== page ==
Current and retired workers at a Hanford Challenge meeting on chemical vapors were skeptical that the Department of Energy really knows what workers are exposed to at the Hanford tank farms.
About 50 people attended the meeting in Richland Wednesday evening.
The Department of Energy has said sampling has found no exposure over the occupational limit set to protect people from harm for the 38 workers who received medical evaluations for possible exposure since March.
But workers continue to have symptoms after smelling tank vapors and some workers with chronic exposure are on long-term disability.
Tom Carpenter, executive director of Hanford Challenge, a worker advocacy group, said one Spokane neurologist has diagnosed 26 workers with the brain disease toxic encephalopathy.
"The federal government is asking us to go out there and do our part in the cleanup of Hanford and the citizens of the Northwest are relying on us," said Pete Nicacio, business manager for Local 598 of the United Association of Plumbers and Steamfitters. "I'm sick and tired of hearing that people are not getting sick, that there is nothing going on out there."
Some of the 38 workers who received medical checks this spring are still experiencing health effects from exposures, although all appear to have returned to work, according to Hanford Challenge. DOE officials who could respond to questions were not at the meeting.
Concerns have been raised for at least 20 years about chemical vapors coming from Hanford's underground tanks, which hold a mix of radioactive and hazardous chemical waste from the past production of weapons plutonium.
Thirty studies have been done through the years, Carpenter said, and the Savannah River National Laboratory in South Carolina is currently conducting another comprehensive study requested by DOE contractor Washington River Protection Solutions.
Mike Geffre, a retired instrument technician at the Hanford tank farms who moderated the meeting, said he agreed with a woman who said that Hanford was not taking responsibility for worker exposures to tank vapors because that would open them up to liability.
"It is difficult to explain the amount of suffering workers are going though," said David Patrick, project steward for the International Brotherhood of Electrical Workers.
The sorts of incidents when workers "go down" -- have their breath taken away and go to their knees -- happens at Hanford only at the tank farms, he said.
In previous periods when workers were required to use supplied air respirators, there were no incidents, even during times when waste was being pumped and vapors are most likely to be released from underground tanks, he said.
Hanford officials may not have the right instruments to detect the vapors or the instruments may not exist, Patrick said.
"I don't care," he said. "... you are supposed to protect people against the things you know about and the things you don't."
Recommendations have been made that have not been implemented, he said. They include putting chemical vapor scrubbers on tanks where work is being performed, which Hanford Challenge wants done now, and extending vapor venting stacks into the desert far away from workers.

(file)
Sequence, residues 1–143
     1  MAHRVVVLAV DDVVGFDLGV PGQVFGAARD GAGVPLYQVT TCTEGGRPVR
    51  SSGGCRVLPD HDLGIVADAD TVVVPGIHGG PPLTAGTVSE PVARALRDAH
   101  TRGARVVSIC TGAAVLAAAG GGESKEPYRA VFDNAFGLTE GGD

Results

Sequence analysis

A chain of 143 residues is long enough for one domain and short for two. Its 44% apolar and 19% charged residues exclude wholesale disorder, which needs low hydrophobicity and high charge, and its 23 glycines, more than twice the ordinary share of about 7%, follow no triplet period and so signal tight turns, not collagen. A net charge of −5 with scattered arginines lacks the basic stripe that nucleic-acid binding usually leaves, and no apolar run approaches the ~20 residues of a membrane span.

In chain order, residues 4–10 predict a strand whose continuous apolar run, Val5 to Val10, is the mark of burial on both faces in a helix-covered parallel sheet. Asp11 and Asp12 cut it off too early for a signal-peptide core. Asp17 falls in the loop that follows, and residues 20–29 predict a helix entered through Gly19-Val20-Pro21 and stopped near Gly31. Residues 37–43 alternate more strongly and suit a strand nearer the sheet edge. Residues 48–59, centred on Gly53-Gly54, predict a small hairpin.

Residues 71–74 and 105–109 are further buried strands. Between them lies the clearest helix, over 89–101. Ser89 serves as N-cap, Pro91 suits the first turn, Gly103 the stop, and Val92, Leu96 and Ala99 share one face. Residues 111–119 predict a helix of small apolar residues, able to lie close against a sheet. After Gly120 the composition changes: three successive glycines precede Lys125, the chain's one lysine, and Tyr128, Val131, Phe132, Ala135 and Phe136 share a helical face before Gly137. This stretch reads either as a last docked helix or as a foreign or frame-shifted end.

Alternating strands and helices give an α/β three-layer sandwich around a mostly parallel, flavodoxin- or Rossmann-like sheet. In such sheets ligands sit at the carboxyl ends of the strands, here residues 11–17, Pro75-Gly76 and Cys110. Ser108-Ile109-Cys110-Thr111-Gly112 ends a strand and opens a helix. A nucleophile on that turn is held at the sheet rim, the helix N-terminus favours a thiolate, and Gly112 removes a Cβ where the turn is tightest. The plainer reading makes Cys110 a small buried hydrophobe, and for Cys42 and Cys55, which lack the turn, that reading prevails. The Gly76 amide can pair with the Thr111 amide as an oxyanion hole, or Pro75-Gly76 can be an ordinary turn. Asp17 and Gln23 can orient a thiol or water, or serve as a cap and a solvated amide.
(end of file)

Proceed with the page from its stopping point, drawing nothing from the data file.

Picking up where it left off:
A former industrial hygienist at Hanford, who declined to be identified, said he was skeptical about the quality of the work that went into creating the Industrial Hygiene Chemical Vapor Technical Basis issued in 2006. Many mistakes were made in quality assurance, including correct storage of samples, he said. Because some occupational limits for safe exposure to chemicals are in the range of parts per billion, it takes time to detect them and any sample is just a snapshot in time.
"DOE has a lot of good people that want to do the right thing, but they have bad information," he said.
Savannah River National Lab should conduct its own sampling of tank vapors, rather than relying on past sampling, Patrick said.
Now "people don't trust the science," he said.
Information does not exist on how more than 1,000 chemicals in the vapors may interact with each other, Carpenter said. He used the example of ammonia and chlorine bleach, which are both fine when used separately in the home as cleaning agents, but are toxic when combined.
DOE is not paying enough attention to what the workers in the field say and know, Carpenter said. "We have a lot of knowledge in this room," he said.
Several steps have been taken by the tank farm contractor in recent months, including increasing requirements for respiratory protection to require at least half-face respirators if there is a suspected risk of vapor exposure. Workers can voluntarily upgrade to full-face or supplied air respirators, and the contractor is working to make the process of upgrading easier for workers.
Engineers also are considering better controls such as remote stacks to release vapors farther away from workers, and better respiratory protection devices are being investigated, the contractor has said. The Chemical Vapors Solutions Team, which includes worker and management members, has been reorganized to look for solutions and promote two-way communication between workers and managers.
Hanford Challenge wants Hanford officials to resample the head spaces of the oldest tanks, which have vapors vented into the atmosphere, and to resample the newer tanks, which are ventilated through stacks, using a heated vapor probe so vapors can be sampled from the exhausters without condensation diluting the chemicals.
Policies should acknowledge the uncertainty of vapor monitoring and require supplied air respirators when systems do not exist to measure exposure in real time, according to Hanford Challenge.
The group also wants sampling to be performed with strict quality control oversight as well as third party oversight to ensure proper methods are used.
-- Annette Cary: 509-582-1533; firstname.lastname@example.org; Twitter: @HanfordNews